A panic that sweeps through your system, pulsing through your veins, moving ever so slowly and all too fast. A panic that stops in your lungs and makes your breathing hollow. You are soaking wet, it is three o’clock in the morning. Time no longer exists. A minute is an hour. You know you are breathing because you are alive, but it feels like you are dying. Every inhale dissipates before your body can grasp the oxygen. Your heart skips a beat. Again, and yet again. Crocodile tears–big, whole tumultuous tears–escape from your tear ducts. Your body is in disarray.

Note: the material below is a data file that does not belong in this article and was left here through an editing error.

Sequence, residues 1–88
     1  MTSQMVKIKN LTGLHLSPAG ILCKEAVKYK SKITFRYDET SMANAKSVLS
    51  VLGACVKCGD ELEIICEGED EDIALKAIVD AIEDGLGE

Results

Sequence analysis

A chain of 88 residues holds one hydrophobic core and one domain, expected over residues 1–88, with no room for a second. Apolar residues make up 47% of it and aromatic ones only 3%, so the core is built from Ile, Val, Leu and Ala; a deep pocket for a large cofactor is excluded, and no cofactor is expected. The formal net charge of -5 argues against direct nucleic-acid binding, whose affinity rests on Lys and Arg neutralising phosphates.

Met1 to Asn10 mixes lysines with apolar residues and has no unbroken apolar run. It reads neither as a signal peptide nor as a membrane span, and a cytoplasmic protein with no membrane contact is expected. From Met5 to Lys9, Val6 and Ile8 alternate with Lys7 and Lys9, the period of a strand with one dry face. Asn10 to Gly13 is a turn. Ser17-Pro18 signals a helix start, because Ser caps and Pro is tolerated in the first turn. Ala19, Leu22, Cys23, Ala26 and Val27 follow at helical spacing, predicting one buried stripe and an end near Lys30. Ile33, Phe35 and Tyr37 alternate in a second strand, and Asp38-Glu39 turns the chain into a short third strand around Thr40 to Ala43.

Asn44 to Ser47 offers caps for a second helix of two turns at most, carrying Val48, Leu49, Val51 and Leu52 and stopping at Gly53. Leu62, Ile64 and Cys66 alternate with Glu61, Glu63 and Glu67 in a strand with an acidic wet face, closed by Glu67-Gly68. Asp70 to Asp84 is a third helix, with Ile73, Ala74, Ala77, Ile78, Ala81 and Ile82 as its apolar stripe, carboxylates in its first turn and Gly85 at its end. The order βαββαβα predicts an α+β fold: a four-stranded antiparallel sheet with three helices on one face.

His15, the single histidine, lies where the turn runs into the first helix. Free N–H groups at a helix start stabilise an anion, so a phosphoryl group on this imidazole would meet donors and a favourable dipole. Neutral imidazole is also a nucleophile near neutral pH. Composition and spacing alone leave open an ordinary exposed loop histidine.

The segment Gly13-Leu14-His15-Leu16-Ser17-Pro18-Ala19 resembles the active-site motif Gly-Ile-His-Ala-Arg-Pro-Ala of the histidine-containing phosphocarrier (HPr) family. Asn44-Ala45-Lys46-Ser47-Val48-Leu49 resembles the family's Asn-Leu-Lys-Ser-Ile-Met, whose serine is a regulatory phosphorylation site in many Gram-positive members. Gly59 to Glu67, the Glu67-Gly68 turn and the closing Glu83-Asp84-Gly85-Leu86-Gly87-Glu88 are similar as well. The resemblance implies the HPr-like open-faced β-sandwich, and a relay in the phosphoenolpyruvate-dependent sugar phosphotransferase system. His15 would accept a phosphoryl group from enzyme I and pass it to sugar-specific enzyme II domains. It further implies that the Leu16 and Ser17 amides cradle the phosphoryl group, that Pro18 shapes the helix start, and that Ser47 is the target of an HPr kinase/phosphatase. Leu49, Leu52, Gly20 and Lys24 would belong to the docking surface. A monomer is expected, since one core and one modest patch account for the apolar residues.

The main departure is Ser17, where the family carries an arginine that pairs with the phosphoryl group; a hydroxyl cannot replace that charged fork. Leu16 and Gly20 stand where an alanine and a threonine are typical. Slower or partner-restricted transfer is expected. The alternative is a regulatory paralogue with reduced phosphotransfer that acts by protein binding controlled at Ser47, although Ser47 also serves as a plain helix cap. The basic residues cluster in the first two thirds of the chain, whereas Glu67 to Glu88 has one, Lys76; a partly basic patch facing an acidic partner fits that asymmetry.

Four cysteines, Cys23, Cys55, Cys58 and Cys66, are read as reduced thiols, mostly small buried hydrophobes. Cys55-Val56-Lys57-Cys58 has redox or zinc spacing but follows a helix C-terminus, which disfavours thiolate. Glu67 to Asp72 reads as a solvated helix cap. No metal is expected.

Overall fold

Just breathe, you tell yourself. You’re not dying. It’s not convincing enough, synapses are not properly connecting.
All of this because you are trying to overcome an overwhelming fear of gaining weight. It is embedded in your ego: your dreams are nightmares and even when you have successfully tuned out the fury, it presents in your sleep.
No one can help you. You have to help yourself.